August 25 - A Campaign Built on Prejudice and Paranoia; An Organizer of the "Cocks Not Glocks" Protest; Pharma Executives Price Gouge Then Reward Themselves

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Part 1

We begin with the speech today in Reno, Nevada by Hillary Clinton who confronted Donald Trump with the charge that he has built his campaign on prejudice and paranoia, accusing him of taking “hate groups mainstream and helping a radical fringe take over the Republican Party”.  Michelle Goldberg, a senior contributing writer for Slate magazine where she has an article “How the ‘Hipster Nazis’ on the Alt-Right Got Big Enough for Hillary Clinton to Denounce Them”, joins us to discuss whether Trump’s effort to preempt the speech by calling Clinton a bigot will blunt Clinton’s factual case that Trump “is someone who’s questioned the citizenship of the first African-American president, who has courted white supremacists, who’s been sued for housing discrimination against communities of color, who’s attacked a judge for his Mexican heritage and promised a mass forced deportation, is someone who is very much peddling bigotry, prejudice and paranoia”.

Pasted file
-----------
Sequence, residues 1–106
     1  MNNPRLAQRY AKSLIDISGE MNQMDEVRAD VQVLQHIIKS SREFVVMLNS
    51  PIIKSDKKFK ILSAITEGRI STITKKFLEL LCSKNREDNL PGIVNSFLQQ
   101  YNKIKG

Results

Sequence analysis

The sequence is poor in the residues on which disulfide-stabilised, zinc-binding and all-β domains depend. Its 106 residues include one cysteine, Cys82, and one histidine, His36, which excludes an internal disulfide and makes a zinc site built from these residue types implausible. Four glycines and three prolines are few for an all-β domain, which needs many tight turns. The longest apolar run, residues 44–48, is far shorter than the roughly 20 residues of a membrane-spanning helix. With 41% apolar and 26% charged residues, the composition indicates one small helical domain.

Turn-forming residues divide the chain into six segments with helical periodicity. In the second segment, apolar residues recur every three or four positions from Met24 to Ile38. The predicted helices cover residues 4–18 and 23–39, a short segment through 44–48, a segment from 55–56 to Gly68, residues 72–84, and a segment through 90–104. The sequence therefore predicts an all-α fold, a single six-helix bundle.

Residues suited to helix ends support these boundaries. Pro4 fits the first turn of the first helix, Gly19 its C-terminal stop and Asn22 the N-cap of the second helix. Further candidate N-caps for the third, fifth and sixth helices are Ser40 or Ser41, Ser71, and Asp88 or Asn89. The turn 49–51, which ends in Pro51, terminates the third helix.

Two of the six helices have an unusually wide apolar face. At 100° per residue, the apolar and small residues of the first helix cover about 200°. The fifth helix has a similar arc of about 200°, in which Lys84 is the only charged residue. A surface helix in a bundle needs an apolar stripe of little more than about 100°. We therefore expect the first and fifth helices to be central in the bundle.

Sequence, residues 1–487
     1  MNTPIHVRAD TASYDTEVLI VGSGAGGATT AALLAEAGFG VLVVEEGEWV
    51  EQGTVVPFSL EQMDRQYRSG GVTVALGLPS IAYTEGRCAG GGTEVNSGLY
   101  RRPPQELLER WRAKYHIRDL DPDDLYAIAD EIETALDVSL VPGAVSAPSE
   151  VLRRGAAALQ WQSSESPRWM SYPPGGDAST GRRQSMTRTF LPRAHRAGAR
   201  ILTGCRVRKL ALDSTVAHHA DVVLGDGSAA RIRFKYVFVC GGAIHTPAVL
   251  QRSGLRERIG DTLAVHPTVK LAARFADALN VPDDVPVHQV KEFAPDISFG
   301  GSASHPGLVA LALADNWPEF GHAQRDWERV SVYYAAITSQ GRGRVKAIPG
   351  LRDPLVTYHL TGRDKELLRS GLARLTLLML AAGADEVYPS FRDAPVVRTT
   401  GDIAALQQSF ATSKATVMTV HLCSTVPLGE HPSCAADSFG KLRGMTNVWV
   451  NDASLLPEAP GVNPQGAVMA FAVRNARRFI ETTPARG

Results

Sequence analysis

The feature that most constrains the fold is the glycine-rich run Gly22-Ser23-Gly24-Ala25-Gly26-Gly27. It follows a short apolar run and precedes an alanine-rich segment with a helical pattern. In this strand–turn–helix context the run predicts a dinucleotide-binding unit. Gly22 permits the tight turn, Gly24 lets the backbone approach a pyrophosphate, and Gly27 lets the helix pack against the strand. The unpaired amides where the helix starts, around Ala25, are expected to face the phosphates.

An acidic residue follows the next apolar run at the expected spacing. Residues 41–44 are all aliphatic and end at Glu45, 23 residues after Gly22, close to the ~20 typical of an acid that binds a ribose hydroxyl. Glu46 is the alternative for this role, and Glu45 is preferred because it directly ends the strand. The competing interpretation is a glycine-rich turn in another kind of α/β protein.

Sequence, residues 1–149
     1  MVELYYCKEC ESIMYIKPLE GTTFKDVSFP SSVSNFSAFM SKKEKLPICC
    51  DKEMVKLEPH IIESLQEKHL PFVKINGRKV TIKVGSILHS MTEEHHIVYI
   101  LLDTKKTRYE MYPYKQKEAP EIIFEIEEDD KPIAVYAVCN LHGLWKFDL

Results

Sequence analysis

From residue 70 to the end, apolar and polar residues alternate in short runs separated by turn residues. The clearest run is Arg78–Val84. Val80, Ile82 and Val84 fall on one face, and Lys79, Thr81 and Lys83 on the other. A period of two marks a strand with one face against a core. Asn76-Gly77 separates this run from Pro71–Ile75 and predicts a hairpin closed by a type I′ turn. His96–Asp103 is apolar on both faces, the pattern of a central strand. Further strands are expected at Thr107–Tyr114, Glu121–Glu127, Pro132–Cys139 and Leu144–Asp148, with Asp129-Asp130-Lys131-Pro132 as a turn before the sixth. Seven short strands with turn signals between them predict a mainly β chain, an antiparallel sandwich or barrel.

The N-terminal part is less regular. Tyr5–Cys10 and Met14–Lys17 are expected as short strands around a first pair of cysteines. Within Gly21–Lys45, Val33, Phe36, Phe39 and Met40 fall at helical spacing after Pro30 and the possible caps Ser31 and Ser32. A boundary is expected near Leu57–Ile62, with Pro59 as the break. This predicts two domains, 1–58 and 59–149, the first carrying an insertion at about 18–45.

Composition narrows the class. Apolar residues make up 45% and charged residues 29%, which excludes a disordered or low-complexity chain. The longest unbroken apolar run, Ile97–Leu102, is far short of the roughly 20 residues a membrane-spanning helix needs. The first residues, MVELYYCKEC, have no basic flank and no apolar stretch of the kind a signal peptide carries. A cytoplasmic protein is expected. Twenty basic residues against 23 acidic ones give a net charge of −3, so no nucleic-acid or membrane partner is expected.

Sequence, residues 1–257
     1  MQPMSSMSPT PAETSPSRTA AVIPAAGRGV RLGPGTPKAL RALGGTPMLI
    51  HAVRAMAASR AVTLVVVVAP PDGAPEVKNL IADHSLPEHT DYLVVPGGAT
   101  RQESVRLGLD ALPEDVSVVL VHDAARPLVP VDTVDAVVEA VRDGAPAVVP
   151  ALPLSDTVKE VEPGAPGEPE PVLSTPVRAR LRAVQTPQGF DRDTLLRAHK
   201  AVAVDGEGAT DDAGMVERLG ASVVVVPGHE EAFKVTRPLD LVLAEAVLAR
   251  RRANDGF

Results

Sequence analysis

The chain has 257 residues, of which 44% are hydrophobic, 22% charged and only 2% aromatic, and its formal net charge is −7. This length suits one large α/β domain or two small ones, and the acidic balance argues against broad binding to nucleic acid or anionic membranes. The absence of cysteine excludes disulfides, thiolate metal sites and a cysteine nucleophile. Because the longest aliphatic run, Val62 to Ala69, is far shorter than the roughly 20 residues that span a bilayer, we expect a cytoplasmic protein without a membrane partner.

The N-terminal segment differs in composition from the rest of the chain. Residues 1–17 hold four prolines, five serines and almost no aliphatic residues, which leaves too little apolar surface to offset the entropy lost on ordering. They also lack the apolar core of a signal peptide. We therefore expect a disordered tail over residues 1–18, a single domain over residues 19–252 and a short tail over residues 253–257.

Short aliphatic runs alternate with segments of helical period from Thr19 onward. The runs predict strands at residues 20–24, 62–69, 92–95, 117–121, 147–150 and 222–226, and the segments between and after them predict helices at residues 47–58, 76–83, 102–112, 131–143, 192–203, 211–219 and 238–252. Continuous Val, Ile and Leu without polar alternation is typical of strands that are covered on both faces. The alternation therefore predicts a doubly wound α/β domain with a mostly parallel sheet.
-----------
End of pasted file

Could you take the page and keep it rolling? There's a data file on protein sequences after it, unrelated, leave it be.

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Part 2

Then we speak with Elyse Avina, the president of Students Against Campus Carry at the University of Texas, Austin and one of the organizers of the #cocksnotglocks protest which took place yesterday on the first day of classes highlighting the absurdity of the so-called campus carry law backed by the state’s Republican leaders that allows students over 21 to carry concealed handguns into college classrooms.  

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Part 3

Then finally we look into the price gouging by Mylan, the sole supplier of Epipens, a lifesaving emergency injection for people who have allergic reactions to peanuts or bee stings etc. that used to be priced at $100, but since Mylan acquired the device in 2007, the price has skyrocketed to $600 along with the salaries for Mylan’s top executives. David Howard,  a faculty member in the Department of Health Policy at Emory University and a former consultant to the Center for Medicare and Medicaid Services, joins us to discuss how Mylan’s move to increase eligibility for its patient assistant program for low-income customers is a cosmetic PR ploy that will not lower the price for the majority of patients who need Epipens.

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